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Police find body of kidnapped health worker Pakistani Hindus urge authorities to save temple

PESHAWAR, Pakistan, March 24, (AFP): Police Monday found the bullet-riddled body of a kidnapped female health worker dumped in a field in northwest Pakistan on Monday, an official said. Salma Ghani, about 32 years old, was taken by five unidentified men from outside her house in Peshawar, the main city in northwest Pakistan, on Sunday. Senior police official Rahim Shah told AFP Ghani’s body had been recovered from a wheat field on the edge of the city. She had been shot several times, he said. “It is not yet clear whether she was killed for taking part in polio vaccination drives,” Shah said. Some 56 people have been killed in militant attacks on anti-polio teams in Paskistan since December 2012. Militant groups such as the Pakistan Taleban oppose immunisation, saying it is a cover for US spying. Violence, and the threat of it, have badly hampered a campaign to stamp out polio in Pakistan, which along with Nigeria and Afghanistan are the only countries where the disease remains endemic.

Pakistan recorded 91 cases of polio last year, up from 58 in 2012, according to the World Health Organization (WHO). Victims are left dead, paralysed or with withered limbs. Pakistan’s failure to defeat polio stands in stark contrast to its neighbour and great rival India, which recently celebrated the eradication of polio three years after its last case. The WHO has warned that Peshawar is the world’s “largest reservoir” of the wild polio virus.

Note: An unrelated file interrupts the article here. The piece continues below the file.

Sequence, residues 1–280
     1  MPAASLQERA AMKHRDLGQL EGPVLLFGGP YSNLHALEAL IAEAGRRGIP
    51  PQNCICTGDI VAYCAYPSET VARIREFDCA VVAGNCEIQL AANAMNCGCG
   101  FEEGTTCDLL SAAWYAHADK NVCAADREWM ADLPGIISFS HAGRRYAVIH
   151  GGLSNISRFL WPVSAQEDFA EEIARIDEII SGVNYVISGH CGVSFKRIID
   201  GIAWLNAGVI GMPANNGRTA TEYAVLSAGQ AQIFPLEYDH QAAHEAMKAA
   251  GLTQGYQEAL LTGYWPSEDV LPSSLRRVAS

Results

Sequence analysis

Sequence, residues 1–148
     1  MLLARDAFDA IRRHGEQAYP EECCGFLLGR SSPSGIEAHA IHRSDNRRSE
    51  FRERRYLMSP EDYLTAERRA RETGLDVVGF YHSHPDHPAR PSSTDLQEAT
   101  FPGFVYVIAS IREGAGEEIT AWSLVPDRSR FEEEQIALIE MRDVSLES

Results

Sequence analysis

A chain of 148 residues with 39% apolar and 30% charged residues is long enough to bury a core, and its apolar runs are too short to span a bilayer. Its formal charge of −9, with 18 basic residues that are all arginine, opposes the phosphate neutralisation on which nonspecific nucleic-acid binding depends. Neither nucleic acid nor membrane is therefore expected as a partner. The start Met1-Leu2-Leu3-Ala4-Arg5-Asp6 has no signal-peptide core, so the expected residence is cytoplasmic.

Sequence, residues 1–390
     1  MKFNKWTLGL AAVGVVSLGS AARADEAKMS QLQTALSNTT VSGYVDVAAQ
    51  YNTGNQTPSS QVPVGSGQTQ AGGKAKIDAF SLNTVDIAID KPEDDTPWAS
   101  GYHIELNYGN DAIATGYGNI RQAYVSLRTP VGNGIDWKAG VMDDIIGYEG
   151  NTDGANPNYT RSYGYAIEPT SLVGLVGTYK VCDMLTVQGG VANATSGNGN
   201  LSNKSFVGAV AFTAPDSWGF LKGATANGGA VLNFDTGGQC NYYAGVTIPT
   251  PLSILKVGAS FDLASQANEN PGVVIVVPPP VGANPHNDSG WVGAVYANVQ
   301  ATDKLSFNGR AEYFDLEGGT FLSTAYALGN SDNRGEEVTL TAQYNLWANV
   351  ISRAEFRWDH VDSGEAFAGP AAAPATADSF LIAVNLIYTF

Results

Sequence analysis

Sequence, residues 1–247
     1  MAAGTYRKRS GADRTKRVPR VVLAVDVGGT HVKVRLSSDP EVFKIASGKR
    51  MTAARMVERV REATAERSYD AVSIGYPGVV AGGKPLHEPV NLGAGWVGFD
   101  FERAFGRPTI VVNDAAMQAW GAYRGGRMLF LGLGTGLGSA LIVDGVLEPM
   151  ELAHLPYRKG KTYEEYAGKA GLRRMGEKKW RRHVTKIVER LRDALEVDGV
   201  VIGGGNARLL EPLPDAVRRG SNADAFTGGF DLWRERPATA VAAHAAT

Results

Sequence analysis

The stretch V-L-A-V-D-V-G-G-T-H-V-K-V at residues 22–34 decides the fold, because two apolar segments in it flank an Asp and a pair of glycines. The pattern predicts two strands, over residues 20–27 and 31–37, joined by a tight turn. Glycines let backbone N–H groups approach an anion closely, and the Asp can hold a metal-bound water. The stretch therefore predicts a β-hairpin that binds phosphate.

Meanwhile, Hindus in Pakistan’s commercial hub Karachi on Monday urged authorities to halt construction work on an underpass, which they say endangers a 150-year-old temple. The minority community said vibrations from excavation work on a road being built just metres away from the Ratneshwar Mahadev Temple could cause irreparable damage to the building’s structure. Pakistan’s Chief Justice Tassaduq Hussain Jillani on Monday ordered local authorities to provide an impact report within two weeks, but a Hindu community leader said that may be too late to save the temple. “Heavy machinery is at work right now and it is our request that the court issue a stay order,” Ramesh Kumar Vankwani, the patron of the Pakistan Hindu Council told AFP. The temple has long been a fixture on the city’s Clifton Beach, a popular recreation spot adjacent to Karachi’s most upmarket neighbourhood. According to the Pakistan Hindu Council, the temple holds a Grand Mela every year, attracting some 25,000 pilgrims.

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